One notebook of notes of lectures on Anatomy, Physiology and Organic Chemistry at Guy's Hospital, made by Ernest Henry Starling.
Starling Lecture Notes
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- ReferenceGB 103 MS ADD 350
- Dates of Creation1883-1884
- Name of Creator
- Language of MaterialEnglish
- Physical Description1 notebook
Scope and Content
Administrative / Biographical History
Starling, Ernest Henry (1866-1927), physiologist, was born on 17 April 1866 at 2 Barnsbury Square, Islington, London, the eldest son in the family of seven children of Matthew Henry Starling, clerk to the crown, Bombay, and his wife, Ellen Mathilda, daughter of Henry George Watkins, artist and engraver, of Islington. Starling was educated at King's College School, London, and entered Guy's Hospital in 1882. Starling won numerous distinctions, became demonstrator in physiology at Guy's in 1887, becoming head of that department in 1889.
The main topic of Starling's investigations was the secretion of lymph and other body fluids, the discovery of secretin, and the laws governing the activity of the heart. In 1892 he went to Breslau to work with R Heidenhain on the subject of lymph formation. Starling continued his research for three years after his return to London and showed that lymph production resulted from intercapillary pressure and permeability of the capillary wall, and was controlled by blood pressure and osmosis.
In 1899 he was elected to the Jodrell chair of physiology at University College, London. There he joined a team of scientists, among them William Maddock Bayliss, who married Starling's sister Gertrude. Under Starling's guidance, funds were raised for a physiological institute at University College, which opened in 1909. In the years prior to the First World War he returned to his earliest concern, the study of the heart, converting the existing 'heart-lung preparation' into a technical method by the introduction of a suitable and variable resistance on the arterial side. By this means he could vary the factors which influence heartbeat, such as arterial pressure, venous flow, temperature, and chemical composition of the blood, to see their effect. Finally he was able to expound the generalization known as 'Starling's law of the heart', namely that 'the energy of contraction is a function of the length of the muscle fibres'. But the First World War prevented him from completing his intended programme. He was commissioned in the Royal Army Medical Corps, serving first at the Herbert Hospital at Woolwich, later as director of research at Millbank, experimenting with defences against poison gas. In 1917 he was sent to Europe where he advised the Italian army on the benefit of effective gas respirators.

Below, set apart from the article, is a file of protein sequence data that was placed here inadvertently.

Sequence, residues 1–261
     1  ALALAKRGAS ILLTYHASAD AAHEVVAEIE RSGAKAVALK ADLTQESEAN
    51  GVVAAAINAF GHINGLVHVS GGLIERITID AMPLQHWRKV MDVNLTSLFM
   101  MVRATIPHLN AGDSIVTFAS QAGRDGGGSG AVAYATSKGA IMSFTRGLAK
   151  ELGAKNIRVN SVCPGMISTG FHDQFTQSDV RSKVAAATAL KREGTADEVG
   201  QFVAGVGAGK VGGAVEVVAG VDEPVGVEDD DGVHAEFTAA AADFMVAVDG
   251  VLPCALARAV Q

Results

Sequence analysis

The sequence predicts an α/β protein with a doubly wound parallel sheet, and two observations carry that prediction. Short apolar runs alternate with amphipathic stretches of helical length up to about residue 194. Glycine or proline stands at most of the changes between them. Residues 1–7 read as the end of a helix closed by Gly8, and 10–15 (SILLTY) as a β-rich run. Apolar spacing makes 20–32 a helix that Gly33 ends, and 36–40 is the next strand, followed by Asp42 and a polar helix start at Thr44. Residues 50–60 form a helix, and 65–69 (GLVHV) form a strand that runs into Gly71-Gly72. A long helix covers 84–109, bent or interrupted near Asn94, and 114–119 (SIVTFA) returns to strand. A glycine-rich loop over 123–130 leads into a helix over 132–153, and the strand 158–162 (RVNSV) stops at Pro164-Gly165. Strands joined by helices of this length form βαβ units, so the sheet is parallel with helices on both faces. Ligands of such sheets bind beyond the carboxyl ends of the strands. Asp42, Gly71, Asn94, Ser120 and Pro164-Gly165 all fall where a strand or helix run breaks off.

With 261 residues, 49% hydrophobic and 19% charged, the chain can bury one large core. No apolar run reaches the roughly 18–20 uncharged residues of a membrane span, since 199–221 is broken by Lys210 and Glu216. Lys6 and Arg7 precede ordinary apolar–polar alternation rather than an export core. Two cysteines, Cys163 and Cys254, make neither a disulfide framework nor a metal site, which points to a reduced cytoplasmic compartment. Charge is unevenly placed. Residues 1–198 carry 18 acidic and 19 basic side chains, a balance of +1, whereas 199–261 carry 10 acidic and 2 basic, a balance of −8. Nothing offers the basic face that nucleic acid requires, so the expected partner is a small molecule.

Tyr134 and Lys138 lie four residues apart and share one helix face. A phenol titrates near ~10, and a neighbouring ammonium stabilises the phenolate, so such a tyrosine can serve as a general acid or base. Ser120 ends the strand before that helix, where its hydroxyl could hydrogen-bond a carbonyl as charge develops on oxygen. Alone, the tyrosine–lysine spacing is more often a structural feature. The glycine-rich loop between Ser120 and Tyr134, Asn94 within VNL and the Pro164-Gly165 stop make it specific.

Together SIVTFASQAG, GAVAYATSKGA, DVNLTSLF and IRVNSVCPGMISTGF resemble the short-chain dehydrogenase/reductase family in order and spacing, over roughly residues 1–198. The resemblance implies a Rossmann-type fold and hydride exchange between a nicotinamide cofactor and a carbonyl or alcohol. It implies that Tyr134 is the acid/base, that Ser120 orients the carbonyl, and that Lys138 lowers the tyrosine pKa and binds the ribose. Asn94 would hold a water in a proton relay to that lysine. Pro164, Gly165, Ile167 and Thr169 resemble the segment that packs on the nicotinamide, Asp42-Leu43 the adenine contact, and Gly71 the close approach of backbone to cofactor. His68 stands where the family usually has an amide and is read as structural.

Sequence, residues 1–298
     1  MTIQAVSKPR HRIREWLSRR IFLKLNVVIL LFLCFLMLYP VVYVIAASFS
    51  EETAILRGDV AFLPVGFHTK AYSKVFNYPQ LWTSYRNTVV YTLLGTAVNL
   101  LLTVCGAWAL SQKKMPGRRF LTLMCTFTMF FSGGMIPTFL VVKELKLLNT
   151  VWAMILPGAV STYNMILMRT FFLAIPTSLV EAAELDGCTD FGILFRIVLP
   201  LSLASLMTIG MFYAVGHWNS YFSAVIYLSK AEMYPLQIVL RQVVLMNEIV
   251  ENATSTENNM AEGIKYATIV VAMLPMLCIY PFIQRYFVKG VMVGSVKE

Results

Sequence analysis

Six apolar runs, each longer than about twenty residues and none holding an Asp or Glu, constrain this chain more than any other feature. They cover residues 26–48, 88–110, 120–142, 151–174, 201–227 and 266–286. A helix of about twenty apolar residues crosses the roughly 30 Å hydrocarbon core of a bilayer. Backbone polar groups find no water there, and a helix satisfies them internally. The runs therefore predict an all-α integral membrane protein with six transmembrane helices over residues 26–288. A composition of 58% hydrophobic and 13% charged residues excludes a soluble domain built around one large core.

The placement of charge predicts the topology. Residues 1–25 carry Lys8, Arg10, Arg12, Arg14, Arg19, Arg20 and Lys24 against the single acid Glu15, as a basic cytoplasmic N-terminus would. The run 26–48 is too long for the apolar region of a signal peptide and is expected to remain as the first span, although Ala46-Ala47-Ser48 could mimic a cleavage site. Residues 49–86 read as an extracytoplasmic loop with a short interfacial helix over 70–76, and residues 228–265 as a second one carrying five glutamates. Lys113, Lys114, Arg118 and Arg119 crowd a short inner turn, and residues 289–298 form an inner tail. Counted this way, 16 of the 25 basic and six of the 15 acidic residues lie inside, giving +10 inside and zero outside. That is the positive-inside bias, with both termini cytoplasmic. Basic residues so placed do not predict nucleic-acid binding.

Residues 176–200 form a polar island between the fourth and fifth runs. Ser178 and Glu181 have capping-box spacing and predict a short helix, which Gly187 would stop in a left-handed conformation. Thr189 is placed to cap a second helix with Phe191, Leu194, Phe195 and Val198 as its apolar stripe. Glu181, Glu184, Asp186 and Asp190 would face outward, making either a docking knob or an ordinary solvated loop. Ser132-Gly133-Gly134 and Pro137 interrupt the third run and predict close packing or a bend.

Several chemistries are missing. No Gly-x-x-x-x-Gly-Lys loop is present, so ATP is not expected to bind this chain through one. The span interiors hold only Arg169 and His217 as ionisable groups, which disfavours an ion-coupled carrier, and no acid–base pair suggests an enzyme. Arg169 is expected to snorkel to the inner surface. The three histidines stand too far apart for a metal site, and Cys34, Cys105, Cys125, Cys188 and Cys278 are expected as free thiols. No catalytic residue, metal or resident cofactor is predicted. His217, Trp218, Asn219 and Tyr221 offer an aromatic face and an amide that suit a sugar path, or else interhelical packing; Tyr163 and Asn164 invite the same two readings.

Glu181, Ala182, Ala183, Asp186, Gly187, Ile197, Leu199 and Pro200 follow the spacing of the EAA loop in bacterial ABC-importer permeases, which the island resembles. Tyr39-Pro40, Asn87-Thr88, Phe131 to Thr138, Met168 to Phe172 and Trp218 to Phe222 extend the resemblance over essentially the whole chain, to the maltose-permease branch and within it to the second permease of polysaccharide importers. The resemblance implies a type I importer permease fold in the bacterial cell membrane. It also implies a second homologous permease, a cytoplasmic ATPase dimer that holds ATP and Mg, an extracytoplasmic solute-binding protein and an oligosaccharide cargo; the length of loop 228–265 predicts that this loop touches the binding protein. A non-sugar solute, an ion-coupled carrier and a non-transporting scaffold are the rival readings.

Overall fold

Starling resigned the Jodrell chair in 1923, following his appointment as Foulerton research professor of the Royal Society, which enabled him to continue working at University College, London, now free of administrative duties. He died on board the steamship 'Ariguani' as it was entering harbour at Kingston, Jamaica, on 2 May 1927.
The papers are available subject to the usual conditions of access to Archives and Manuscripts material, after the completion of a Reader's Undertaking.
Transferred from the Physiology Department in November 1988 via Susan Grove.
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